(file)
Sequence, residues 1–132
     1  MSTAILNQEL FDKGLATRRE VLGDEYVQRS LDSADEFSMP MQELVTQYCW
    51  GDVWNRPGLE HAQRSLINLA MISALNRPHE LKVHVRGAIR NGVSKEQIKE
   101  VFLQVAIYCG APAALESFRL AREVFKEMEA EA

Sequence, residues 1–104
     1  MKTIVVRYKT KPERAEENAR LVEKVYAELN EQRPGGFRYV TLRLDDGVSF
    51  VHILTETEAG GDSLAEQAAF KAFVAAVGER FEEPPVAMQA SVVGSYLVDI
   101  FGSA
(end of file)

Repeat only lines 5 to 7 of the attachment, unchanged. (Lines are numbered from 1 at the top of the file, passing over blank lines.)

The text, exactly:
Sequence, residues 1–104
     1  MKTIVVRYKT KPERAEENAR LVEKVYAELN EQRPGGFRYV TLRLDDGVSF
    51  VHILTETEAG GDSLAEQAAF KAFVAAVGER FEEPPVAMQA SVVGSYLVDI